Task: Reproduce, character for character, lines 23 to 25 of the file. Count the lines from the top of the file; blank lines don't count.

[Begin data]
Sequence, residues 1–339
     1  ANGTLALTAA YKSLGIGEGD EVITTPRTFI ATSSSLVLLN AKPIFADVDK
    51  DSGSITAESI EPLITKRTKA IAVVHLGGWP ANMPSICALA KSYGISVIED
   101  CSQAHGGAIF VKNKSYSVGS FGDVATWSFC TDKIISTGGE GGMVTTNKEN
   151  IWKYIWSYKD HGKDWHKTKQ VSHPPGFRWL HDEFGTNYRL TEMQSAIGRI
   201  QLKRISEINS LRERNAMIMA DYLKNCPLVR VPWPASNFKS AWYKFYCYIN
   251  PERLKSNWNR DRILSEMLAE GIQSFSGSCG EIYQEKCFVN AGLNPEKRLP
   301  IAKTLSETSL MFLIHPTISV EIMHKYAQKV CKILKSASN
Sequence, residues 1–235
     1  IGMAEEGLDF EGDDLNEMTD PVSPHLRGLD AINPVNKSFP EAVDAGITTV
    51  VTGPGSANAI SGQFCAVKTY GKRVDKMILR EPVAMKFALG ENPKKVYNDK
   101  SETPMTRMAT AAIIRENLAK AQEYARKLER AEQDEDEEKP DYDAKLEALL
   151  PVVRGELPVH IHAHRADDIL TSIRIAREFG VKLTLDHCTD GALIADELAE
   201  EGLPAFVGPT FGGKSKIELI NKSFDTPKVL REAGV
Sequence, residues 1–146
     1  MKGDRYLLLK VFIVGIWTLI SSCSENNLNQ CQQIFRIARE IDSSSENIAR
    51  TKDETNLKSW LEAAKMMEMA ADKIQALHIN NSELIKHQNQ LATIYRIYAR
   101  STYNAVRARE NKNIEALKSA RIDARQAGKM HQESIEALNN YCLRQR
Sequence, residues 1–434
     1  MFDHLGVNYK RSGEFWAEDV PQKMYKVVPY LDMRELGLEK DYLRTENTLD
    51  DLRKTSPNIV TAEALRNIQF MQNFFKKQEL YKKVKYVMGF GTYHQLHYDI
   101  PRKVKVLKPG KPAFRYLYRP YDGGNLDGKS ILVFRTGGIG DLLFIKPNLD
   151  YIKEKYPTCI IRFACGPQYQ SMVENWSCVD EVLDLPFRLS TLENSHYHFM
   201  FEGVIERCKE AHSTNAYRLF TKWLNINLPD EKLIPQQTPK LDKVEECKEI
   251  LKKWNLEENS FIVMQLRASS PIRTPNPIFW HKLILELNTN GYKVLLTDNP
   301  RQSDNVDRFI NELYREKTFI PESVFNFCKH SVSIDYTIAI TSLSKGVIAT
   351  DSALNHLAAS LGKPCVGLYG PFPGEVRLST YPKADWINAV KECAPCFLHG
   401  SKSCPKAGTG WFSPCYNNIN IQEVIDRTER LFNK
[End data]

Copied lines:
   151  YIKEKYPTCI IRFACGPQYQ SMVENWSCVD EVLDLPFRLS TLENSHYHFM
   201  FEGVIERCKE AHSTNAYRLF TKWLNINLPD EKLIPQQTPK LDKVEECKEI
   251  LKKWNLEENS FIVMQLRASS PIRTPNPIFW HKLILELNTN GYKVLLTDNP